• Guided meditation
  • Mindfulness meditation
  • Moving meditation
  • Breath meditation
When an instructor, whether live or recorded, talks you through a meditation, it’s called guided meditation. If you sit, whether on the floor or in a chair, for mindfulness meditation, you focus on your natural breath to clear your mind. For those who are too antsy to stay still, moving meditation, such as mindfully walking, biking, swimming or hiking, is a great option. With breath meditation, you consciously alter your natural breath to help your mind focus and concentrate.

For many people, thoughts of progression, recurrence or a new cancer come on strong right before sleep. They did for me. Meditation can be a wonderful way to calm your mind and help you rest. Calming breath meditation helps your body release tension with each longer exhalation.

Meditation is a gem to have in your treasure chest of self-care. Try different types and see what works for you.

To try calming breath meditation, follow these steps:
  1. Take a seat on a cushion on the floor with your legs crossed or sit on the front edge of a chair with feet flat on the floor.
  2. Root down into your seat as you lengthen up through your spine.
  3. Rest your hands on your thighs and close your eyes.
  4. Inhale deeply through the nose to the count of 2: 1…2….
  5. Exhale fully through the nose from 4 to 1: 4…3…2…1…
  6. Stay with this calming breath or lengthen the exhalation from 8 to 1: 8…7…6…5…4…3…2…1…
  7. Continue meditating on the breath until you feel calm, anywhere from 30 seconds to several minutes.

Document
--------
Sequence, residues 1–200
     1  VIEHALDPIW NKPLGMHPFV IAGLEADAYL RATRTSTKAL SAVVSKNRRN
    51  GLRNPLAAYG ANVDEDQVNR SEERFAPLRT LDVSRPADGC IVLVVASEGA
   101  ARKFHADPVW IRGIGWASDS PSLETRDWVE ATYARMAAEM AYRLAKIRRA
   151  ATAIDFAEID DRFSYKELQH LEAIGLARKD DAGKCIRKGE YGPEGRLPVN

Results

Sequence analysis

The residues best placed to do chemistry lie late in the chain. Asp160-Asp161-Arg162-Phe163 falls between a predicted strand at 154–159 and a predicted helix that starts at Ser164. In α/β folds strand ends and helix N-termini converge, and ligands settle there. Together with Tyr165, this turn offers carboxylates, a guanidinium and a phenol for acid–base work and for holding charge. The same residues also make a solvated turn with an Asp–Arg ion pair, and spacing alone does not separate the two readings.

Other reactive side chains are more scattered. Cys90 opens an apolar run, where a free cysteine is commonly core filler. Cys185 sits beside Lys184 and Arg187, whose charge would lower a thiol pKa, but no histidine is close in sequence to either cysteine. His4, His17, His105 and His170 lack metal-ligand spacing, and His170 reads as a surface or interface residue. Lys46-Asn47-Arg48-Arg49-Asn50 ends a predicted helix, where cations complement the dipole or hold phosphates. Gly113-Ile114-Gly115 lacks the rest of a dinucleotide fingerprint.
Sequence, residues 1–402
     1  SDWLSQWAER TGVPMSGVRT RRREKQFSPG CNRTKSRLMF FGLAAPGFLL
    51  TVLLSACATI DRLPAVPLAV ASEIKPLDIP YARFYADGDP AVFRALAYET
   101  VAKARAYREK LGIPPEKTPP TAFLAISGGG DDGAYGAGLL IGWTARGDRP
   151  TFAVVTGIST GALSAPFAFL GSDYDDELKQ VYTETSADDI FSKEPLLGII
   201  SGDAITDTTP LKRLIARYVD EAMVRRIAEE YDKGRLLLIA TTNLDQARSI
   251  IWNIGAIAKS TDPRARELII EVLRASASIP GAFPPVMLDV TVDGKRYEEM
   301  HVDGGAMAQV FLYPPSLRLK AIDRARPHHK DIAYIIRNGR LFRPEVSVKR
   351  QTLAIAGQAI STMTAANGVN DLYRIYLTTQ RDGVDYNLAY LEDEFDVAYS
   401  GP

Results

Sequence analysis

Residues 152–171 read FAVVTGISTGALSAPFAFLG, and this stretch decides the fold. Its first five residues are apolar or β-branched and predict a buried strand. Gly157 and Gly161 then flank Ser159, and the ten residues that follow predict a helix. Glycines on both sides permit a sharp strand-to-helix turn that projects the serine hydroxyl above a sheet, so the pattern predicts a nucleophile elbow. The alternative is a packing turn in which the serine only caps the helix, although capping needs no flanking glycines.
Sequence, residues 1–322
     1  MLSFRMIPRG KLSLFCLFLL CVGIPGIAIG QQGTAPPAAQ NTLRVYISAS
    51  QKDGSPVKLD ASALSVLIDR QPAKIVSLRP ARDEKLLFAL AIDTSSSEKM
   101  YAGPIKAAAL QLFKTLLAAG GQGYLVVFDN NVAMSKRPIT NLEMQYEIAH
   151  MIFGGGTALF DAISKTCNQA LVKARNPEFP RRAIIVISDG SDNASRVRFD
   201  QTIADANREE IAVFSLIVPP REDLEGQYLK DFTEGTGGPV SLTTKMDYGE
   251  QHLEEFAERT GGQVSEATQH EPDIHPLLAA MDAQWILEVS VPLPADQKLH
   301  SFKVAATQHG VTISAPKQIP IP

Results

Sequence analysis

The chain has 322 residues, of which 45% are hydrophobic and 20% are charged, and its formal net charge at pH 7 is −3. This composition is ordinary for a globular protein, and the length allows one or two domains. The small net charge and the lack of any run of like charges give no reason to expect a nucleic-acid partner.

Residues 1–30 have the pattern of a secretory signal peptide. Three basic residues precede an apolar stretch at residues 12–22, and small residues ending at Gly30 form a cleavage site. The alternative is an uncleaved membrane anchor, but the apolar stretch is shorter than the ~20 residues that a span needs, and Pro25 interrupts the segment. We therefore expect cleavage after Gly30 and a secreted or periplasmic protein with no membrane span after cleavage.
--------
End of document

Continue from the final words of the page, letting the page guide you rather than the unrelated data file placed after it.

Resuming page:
8. Complete your final exhalation, return to your natural breath and gently open your eyes.
If, during this exercise, you ever feel lightheaded or dizzy, please immediately return to your natural breath and open your eyes.

Try this every day for a week with a 35-minute goal. Start with a five-minute session and lengthen each day.

Try Every Day

The purpose of meditating is not to reach enlightenment the first, fifth, or 100th time out (kudos to you if you do, don’t get me wrong). Instead, the art of meditation is a lesson in trying. You try, you fail, you try, you fail, you try … you feel a moment of utter peace and calm … then your nose itches. Oh well. You try again.

Once you’ve found a meditation type that suits you, dive in. If you have time to brush your teeth, you can fit meditation into your day, so no more excuses! Start meditating every day to develop a good habit.

How long will it take for meditation to stick? It could be two weeks, three weeks or six weeks, depending on which good habit-forming scientist you read. Some days a five-minute session might seem like forever. Other times you may feel as if the moments fly by. Either way, feel good that you’re treating yourself well.

Erin Michaela Sweeney is a cancer "thriver" and yoga teacher who writes and speaks to empower cancer survivors with new ways to live their best lives. She is writing a book about how you can thrive beyond cancer.